Andrew Burton/Getty Images(NEW YORK) — They came from Serbia, the Middle East, Chicago, and New York. Fifteen young women with one dream: to meet their idol, teen activist Malala Yousafzai.
“Malala Yousafzai is a giraffe,” Chloe Schneider, 12, wrote in a school essay about how Malala “stuck her neck out” and “taught children all over to stand up and fight for what they believe.”
Malala Yousafzai, the 17-year-old who was shot in the head on Oct. 9, 2012, by the Taliban for advocating for girls education in Pakistan, was in New York for the publication of the young readers edition of her book, I Am Malala.
Chloe was one of more than a dozen young students, ages 7 to 17, selected to be on the set of Good Morning America when Malala was interviewed by ABC News’ Amy Robach. They were chosen because of their involvement with groups like the U.N. Foundation’s Girl Up and Girls Who Code, a non-profit devoted to reaching gender parity in the technology industry.
In the greenroom backstage before the taping, the girls were nervous and excited. They treated Malala like a celebrity. “She’s so pretty,” one girl said. “I wonder what her favorite color is?” asked another. Others whispered, “I hope she’ll sign our books.”
Asked why she believes so strongly in Malala’s cause, Gillian Schneider, 14, said she looks up to Malala because “she showed women and girls all over that they have a voice and when used, they can make a change in the world.”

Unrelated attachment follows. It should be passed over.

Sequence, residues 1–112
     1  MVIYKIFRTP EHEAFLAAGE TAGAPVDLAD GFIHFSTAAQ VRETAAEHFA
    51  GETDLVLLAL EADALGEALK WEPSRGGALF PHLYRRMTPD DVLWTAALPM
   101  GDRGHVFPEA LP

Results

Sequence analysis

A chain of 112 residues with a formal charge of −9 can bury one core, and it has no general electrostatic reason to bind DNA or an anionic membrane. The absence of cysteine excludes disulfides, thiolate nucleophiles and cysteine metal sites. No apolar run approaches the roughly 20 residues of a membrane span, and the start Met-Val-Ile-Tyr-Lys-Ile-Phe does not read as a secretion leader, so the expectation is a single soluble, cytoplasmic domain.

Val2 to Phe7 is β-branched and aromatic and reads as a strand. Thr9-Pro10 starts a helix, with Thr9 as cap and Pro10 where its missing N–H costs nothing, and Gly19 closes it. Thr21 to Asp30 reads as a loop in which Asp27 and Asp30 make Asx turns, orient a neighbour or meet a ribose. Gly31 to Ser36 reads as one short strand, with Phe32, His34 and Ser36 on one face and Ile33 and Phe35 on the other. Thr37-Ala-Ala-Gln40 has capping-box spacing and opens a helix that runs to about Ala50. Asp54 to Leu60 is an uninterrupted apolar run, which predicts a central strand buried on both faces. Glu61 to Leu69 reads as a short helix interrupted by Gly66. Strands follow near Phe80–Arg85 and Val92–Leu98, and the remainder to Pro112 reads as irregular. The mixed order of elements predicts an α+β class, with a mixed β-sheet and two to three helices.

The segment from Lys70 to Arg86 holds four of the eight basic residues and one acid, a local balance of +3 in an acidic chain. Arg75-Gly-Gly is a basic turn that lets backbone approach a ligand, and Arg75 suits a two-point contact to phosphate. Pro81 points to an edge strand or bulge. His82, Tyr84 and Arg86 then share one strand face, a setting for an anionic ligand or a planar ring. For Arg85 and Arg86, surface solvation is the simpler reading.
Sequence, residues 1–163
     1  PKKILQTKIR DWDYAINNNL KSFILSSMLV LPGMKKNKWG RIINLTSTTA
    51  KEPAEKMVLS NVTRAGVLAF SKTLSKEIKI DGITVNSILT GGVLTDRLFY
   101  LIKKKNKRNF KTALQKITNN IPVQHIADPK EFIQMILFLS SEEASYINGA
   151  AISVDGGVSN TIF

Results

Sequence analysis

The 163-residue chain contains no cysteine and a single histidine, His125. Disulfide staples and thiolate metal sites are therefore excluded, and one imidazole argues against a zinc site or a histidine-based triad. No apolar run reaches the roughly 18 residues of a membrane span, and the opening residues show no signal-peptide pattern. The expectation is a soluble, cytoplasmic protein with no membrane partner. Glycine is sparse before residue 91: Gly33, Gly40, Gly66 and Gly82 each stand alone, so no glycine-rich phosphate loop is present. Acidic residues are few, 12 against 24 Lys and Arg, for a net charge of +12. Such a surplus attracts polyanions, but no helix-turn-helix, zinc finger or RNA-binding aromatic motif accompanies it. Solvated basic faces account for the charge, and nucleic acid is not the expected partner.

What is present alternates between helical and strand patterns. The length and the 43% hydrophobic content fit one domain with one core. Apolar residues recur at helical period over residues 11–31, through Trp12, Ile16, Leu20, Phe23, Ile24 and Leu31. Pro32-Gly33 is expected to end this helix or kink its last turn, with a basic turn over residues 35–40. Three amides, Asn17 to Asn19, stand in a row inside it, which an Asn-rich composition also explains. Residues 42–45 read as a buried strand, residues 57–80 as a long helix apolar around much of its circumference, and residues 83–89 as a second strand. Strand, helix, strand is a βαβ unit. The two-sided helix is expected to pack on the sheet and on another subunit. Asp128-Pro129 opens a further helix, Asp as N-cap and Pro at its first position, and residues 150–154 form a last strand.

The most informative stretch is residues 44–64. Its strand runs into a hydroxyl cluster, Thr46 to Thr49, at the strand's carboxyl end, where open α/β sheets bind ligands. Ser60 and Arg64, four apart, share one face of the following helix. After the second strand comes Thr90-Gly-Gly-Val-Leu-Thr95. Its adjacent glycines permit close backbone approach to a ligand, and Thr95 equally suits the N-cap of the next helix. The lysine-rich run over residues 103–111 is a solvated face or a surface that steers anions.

Elena Avramovic, 13, said, “Malala can be anyone’s idol because everybody deserves the right to an education — girls and boys everywhere.”
All the girls had questions for Malala, including Joyce Gomez, 17, of Girls Who Code, who asked: “How are you so brave?”
“I think that bravery is when you overcome your fears and when you think that yes, you can stand up for your rights and you can speak,” Malala answered. “So I think you all are brave because you are joining these campaigns for education. You are struggling your best. … We just need to recognize the abilities we have, the talents we have and you all are brave.”
Razan Nasser, 13, who attends the UN International School, wanted to know: “What can privileged girls such as ourselves do to help your cause?”
“I think the role of every person in society is very important,” said Malala. “If there is one child that we know about who is deprived of education and who needs our help, I think we should definitely support that child. …There are artists, there are musicians, there are poets and so many other people who can motivate children all over the world through their beautiful voices– to come and continue their learning and stand up for it.”
The young girls took Malala’s words to heart.
“All my life I have had trouble standing up for myself and for other people, and [Malala] inspires me and other people like me to do this no matter the cost,” Chloe said.
Although still in high school, Malala has become an international icon for people of all ages. For the second year in a row, Malala was nominated for a Nobel Peace Prize and should she be awarded, she will be the youngest recipient of the award by over a decade. She also co-founded the Malala Fund.
As the girls gathered their belongings and headed home, they seemed almost awestruck. More than one was heard saying, “I wish I could be more like Malala.”
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